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MP3 The Matt Savage Trio - Hot Ticket: Live in Boston

This 15-yr-old pianist/composer performs live in this "knock-your-socks-off" collection of original compositions ranging from Latin-fueled scorchers to radiant ballads to driving shuffle blues to funky grooves with hip-hop undertones.

12 MP3 Songs
JAZZ: Traditional Jazz Combo, JAZZ: Latin Jazz

Show all album songs: Hot Ticket: Live in Boston Songs

In 2000, when Matt Savage was just 8 years old, he played piano for Dave Brubeck and jammed at a sound session with Chick Corea and his sidemen, Avishai Cohen and Jeff Ballard. The following year he was invited to a soundcheck to jam with jazz great McCoy Tyner and his sidemen, Avery Sharpe and Al Foster. In 2003, at the age of 11, Matt debuted at the famed Blue Note jazz club in Manhattan and the Kennedy Center in Washington, DC. The following year he debuted at NY’s Birdland jazz club, performing with the legendary Clark Terry on trumpet, Jimmy Heath on sax, Jon Faddis on trumpet, Marcus McLaurine on bass and Kenny Washington on drums. By 2005, Matt had performed twice with Chaka Khan. In February of 2007, Matt made his first appearance at the prestigious Dizzy’s Club Coca-Cola at Jazz at Lincoln Center.

In September of 2007, the Matt Savage Trio performed for the first time at Tufts University’s prestigious Distler Hall at the Granoff Music Center. Accompanying Matt on his 9’2” Bösendorfer Concert Grand piano were sidemen Dave Robaire on bass and Joe Saylor on drums. During their two-concert gig, the group recorded a new live jazz album entitled HOT TICKET: Live in Boston. The album was produced by Grammy-nominated Jonathan Wyner and engineered by nine-time Grammy-winner Tom Bates. True to its name, “HOT TICKET” features a number of new upbeat compositions written by Savage, including the Latin-fueled “Muy Caliente,” and the beautiful ballads “Colors” and “Setting Sun.” Popular tracks revisited from earlier albums include “El Fuego” (from their “Chasing Your Tail” CD) and the Caribbean-flavored “Curacao,” performed by the Trio in December of 2006 on “Late Night with Conan O’Brien” (from their “Quantum Leap” CD). Rounding out the playlist is a stunning performance of Miles Davis’ “Seven Steps to Heaven.”

Matt has continued to flourish in leaps and bounds as a composer and musician. States Savage, “Early on, I played mostly bebop. Now I like to combine styles, building and diversifying with each song.” Matt enjoys using the full range of the keyboard, balancing Latin and Bossa Nova rhythms, upbeat grooves and radiant, melodic ballads. “El Fuego” and “Seven Steps to Heaven” find the Trio trading solos, building in dynamic intensity. “Father’s Day” finds Matt in the midst of a driving shuffle blues. With the funky “Black-Key Magic,” Matt explores a new playground of black keys versus white keys in a powerful jazz track with hip-hop undertones.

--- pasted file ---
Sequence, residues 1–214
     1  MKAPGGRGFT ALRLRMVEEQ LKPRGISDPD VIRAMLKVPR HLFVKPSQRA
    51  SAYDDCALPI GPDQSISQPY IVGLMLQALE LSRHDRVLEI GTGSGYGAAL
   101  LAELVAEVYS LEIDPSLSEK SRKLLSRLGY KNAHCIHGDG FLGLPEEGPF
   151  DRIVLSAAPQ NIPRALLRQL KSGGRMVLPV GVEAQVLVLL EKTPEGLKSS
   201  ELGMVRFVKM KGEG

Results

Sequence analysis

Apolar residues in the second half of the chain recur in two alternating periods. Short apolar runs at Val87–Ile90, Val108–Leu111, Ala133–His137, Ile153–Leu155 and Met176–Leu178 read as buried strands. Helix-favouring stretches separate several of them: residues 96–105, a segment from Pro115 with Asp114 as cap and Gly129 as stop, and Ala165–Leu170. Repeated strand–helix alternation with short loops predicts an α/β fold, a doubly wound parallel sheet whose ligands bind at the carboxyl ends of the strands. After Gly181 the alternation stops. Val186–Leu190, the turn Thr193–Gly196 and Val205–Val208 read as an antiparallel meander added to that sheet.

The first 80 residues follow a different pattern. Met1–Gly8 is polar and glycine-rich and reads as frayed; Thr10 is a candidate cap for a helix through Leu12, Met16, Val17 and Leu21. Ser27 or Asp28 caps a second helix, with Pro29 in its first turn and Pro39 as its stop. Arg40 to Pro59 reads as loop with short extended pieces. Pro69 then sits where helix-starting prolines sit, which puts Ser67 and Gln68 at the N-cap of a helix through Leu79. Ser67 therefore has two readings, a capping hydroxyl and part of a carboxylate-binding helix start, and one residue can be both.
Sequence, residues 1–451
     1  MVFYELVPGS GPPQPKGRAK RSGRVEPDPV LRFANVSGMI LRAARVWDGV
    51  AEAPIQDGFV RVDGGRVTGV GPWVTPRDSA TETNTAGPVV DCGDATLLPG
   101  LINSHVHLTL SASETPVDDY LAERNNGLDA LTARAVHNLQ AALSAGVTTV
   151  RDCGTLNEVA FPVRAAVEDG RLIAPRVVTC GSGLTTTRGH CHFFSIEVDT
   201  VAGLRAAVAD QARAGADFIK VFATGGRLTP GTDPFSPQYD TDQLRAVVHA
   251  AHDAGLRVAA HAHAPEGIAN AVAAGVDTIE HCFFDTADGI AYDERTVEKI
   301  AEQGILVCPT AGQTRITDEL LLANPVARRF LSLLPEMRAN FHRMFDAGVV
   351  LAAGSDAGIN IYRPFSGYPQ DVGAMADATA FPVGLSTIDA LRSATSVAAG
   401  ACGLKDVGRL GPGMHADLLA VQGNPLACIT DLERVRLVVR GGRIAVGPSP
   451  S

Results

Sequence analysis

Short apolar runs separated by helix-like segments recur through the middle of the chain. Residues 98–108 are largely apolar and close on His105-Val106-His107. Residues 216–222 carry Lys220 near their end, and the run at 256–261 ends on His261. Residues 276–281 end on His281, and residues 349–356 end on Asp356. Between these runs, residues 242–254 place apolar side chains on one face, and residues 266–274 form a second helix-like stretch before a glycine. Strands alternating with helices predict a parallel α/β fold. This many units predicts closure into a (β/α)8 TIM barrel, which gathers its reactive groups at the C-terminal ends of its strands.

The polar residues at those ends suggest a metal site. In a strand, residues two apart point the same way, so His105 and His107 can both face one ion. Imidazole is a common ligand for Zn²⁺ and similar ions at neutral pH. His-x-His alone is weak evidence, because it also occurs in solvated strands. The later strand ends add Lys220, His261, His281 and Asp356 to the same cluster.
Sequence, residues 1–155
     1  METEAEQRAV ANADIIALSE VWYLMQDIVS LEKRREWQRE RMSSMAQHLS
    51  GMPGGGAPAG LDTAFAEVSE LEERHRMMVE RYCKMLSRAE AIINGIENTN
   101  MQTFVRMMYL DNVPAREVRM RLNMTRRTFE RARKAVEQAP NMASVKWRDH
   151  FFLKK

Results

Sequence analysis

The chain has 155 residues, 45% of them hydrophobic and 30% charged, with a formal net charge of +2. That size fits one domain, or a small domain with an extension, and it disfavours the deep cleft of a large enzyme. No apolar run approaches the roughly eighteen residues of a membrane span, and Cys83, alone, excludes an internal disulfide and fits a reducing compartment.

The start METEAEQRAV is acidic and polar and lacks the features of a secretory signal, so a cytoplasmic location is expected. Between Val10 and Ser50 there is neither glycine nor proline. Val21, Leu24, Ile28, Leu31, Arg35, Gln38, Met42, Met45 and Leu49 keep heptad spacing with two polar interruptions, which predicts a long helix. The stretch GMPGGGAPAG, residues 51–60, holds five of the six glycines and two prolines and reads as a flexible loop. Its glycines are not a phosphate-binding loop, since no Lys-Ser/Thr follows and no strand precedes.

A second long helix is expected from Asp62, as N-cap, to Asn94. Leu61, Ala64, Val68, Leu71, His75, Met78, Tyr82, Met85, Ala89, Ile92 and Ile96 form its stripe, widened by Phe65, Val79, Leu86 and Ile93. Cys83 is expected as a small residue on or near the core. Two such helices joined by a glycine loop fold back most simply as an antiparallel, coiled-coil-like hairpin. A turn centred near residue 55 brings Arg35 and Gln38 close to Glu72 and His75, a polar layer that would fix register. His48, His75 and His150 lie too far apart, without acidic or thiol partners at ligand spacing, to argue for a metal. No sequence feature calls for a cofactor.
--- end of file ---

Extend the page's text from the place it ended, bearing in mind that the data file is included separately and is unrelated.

Major 2007 highlights included Matt’s stellar debut at the Ottawa International Jazz Festival and a September 2007 feature in American Airlines’ American Way magazine (“In the Company of Genius”). In November, Matt made two appearances on New England public radio stations: “Eric in the Evening,” Eric Jackson’s live jazz radio show on WGBH-FM in Boston, and WICN-FM in Central Massachusetts. The WICN broadcast presented Matt’s live solo piano concert at Mechanics Hall in Worcester, Massachusetts. A grand finale to 2007 featured Matt Savage on Marian McPartland’s popular “Piano Jazz” syndicated National Public Radio (NPR) series. The interview aired on December 28 and local NPR stations aired the program in the two weeks following initial feed date. A webcast of the interview can be heard at https://www.tradebit.com.

“HOT TICKET” follows the Matt Savage Trio’s acclaimed studio album, “Quantum Leap,” released in 2006. Produced by Diane Savage, “Quantum Leap” was the Trio''s fifth CD and their first album to receive worldwide distribution via a new deal with Palmetto Records (MRI/RED).

The album reached the top 25 on the Jazz Week charts and received airplay on Jazz stations throughout the country. “Quantum Leap” continued to gain popularity when it was added to Borders Books & Music Listening Stations nationwide throughout January/February of 2007.

Jazziz magazine gave “Quantum Leap” a superb review saying Matt’s “amazing technique shines” and JazzTimes described Savage sounding like a “schooled, seasoned jazz pianist” who is “well on his way to forging an effective personal language.” The All Music Guide also gave “Quantum Leap” high marks, describing it as “absolutely refreshing and engaging.”

“What I love about jazz,” says Matt, “is that you can break all the rules and be free.” Matt took that freedom to new heights on “Quantum Leap,” showcasing versatile techniques on such original compositions as “Curacao,” “Blues in 33/8” and “Serenity.” He also featured several standards on the album, including “All the Things You Are” (Jerome Kern and Oscar Hammerstein II), “Monk’s Dream” (Thelonious Monk) and “A Child is Born” (Thad Jones), all delivered in Savage’s unique interpretive style.

Prior to “Quantum Leap,” the Matt Savage Trio released “Cutting Loose” in 2004, which marked their first performance at Birdland. “Cutting Loose” was preceded by “Chasing Your Tail,” “Groovin’ on Mount Everest” and their 2001 debut album, “All Jazzed Up.”

From the very beginning of Matt''s music career, despite his young age, the jazz community embraced this amazing talent - who was quickly earning recognition as a certified supergenius. Matt Savage is one of fewer than 100 people known in the world as a “prodigious savant.” Dr. Darold A. Treffert, an internationally known researcher in the field of Savant Syndrome, coined the term prodigious savant to refer to savants whose skills would be considered spectacular even if they were possessed by someone not faced with a disability.